Cold showers are small acts of Spiritual Warfare. If approached with the right intentions, they can lead to gratitude, humility, temperance, whatever other virtue we’re hoping to develop.

In suffering, even and especially in small habitual ways, we can appreciate all the good we’ve inherited and all the good we’ve been able to amplify, and we can better recognize what evil remains to be dealt with.

For me, no other reasons outweigh this one. It doesn’t matter what physical effects may occur, although they are welcomed. What matters, ultimately, is the soul. If you can develop yourself through Spiritual Warfare, you’ll surely progress on your Physical Warfare across the board, even if that progress isn’t directly related to the temperature of the shower.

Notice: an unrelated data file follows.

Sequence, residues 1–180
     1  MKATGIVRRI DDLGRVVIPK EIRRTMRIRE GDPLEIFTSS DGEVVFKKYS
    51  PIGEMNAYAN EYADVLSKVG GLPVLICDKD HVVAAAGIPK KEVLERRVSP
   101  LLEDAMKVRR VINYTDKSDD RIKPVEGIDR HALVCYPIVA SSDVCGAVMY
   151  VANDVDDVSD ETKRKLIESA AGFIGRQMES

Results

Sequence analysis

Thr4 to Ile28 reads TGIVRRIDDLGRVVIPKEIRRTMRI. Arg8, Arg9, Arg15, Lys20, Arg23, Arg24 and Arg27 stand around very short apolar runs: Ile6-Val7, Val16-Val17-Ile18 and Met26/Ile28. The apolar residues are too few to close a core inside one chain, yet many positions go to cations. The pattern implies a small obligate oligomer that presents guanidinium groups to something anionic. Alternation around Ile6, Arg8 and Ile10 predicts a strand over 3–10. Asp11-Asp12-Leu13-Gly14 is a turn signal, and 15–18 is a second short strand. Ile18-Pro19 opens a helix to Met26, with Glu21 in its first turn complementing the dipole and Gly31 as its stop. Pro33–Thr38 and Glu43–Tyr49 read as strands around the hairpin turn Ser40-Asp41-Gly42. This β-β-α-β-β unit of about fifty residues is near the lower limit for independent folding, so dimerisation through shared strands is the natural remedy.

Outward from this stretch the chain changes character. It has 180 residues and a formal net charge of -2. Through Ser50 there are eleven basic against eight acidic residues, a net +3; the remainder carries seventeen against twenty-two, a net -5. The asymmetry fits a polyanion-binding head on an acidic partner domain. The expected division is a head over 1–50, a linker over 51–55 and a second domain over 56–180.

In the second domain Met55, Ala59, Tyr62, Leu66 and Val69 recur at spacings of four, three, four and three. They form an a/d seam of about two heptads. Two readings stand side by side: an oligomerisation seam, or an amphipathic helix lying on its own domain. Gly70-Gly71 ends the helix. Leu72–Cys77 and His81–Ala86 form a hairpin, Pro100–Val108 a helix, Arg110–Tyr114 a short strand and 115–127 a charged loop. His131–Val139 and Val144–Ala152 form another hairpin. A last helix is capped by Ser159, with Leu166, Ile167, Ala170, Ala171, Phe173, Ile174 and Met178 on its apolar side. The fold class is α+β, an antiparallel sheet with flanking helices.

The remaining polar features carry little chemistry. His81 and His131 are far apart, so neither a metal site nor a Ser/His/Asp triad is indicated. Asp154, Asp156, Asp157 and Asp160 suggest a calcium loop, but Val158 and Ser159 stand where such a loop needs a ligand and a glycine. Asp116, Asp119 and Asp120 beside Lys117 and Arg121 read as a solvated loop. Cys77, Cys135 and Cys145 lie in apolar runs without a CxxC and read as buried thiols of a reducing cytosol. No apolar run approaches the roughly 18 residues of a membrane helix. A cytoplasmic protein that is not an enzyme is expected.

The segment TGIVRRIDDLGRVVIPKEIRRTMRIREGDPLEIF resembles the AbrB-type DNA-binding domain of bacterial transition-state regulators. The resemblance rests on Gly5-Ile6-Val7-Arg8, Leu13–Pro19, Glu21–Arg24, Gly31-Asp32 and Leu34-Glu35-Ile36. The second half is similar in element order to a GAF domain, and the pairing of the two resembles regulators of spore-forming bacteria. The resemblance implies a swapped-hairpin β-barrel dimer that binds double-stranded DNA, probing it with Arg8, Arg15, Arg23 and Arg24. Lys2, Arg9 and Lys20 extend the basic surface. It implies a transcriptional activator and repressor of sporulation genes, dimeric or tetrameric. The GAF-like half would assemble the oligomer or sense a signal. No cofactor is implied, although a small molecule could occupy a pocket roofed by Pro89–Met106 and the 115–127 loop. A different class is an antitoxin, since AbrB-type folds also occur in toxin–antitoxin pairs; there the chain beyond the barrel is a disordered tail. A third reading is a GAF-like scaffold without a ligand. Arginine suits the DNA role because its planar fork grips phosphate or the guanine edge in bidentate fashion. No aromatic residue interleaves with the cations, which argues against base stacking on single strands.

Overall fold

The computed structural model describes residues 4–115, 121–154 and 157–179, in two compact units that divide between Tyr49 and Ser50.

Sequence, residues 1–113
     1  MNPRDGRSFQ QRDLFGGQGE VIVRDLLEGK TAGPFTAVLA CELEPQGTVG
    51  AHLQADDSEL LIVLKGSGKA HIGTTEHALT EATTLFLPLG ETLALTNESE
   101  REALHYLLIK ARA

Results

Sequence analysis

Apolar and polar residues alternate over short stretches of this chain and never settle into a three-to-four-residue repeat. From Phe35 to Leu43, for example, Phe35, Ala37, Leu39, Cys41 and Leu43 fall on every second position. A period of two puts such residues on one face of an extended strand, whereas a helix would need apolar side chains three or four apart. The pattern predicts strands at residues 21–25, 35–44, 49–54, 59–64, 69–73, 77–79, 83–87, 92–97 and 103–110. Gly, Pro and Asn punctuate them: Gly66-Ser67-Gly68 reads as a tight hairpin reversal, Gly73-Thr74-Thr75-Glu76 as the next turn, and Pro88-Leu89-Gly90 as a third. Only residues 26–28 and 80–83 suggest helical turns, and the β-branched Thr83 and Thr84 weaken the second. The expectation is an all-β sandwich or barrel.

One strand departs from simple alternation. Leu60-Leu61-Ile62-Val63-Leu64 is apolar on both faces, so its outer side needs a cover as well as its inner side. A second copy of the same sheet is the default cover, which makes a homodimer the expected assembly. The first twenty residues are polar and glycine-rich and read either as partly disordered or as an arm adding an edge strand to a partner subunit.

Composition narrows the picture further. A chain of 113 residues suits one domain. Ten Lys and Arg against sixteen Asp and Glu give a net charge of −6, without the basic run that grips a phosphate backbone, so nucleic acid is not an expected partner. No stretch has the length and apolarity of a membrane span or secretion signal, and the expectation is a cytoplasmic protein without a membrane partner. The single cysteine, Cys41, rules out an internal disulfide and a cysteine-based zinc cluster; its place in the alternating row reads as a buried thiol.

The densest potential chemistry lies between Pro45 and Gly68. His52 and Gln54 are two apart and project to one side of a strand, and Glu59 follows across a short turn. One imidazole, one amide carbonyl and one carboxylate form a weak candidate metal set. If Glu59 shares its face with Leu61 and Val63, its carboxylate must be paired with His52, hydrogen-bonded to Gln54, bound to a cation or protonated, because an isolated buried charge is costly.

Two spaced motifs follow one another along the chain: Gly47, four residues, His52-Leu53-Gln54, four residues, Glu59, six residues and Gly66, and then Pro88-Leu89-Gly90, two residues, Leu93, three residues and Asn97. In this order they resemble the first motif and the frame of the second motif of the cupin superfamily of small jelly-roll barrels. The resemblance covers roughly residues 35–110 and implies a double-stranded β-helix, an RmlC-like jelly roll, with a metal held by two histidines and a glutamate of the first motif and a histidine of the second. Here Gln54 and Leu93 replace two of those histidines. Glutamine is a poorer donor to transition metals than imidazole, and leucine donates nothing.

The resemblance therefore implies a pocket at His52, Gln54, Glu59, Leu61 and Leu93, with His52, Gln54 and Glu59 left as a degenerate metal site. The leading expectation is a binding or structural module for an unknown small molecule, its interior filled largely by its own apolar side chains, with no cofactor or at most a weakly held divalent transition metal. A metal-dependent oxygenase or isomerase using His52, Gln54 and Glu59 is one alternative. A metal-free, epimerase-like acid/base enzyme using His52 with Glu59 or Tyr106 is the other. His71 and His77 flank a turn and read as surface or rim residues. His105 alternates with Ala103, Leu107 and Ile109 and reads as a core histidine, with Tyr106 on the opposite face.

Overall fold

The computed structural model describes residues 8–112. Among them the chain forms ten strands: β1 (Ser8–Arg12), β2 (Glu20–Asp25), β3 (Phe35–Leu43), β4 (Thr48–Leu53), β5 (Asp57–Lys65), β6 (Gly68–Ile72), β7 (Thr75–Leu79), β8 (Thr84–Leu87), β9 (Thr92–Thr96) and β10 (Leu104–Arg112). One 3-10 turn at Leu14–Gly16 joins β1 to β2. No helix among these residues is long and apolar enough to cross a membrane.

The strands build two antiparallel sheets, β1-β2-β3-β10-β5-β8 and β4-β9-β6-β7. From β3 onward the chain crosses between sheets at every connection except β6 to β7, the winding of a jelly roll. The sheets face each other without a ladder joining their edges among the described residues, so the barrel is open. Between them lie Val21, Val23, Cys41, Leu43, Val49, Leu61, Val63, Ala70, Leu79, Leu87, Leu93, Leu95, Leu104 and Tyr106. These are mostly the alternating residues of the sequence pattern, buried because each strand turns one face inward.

Higher Energy Levels and Increased Alertness

Nothing wakes a man up like a shot of cold, especially if that cold is encompassing his entire body. Taking a cold shower leaves you feeling ready for anything. You’re so shaken by discomfort, your body gets in a fighting mood. Your heart races and you’re ready to do whatever needs to be done.

Increased Testosterone

The increase in energy and alertness could possibly be explained by an increase in testosterone. A 1993 study by the Thrombosis Research Institute that’s cited in the Art of Manliness article found that men who took daily cold showers saw an increase in testosterone production (though this study is called into question by some).

Keeps Your Skin from Drying Out

This is the most evident physical benefit I’ve experienced. My face didn’t take kindly to tropical weather for whatever reason, especially with this beard. Whatever it is about Brazil that dried my skin out, hot showers exacerbated the problem. Cold water didn’t.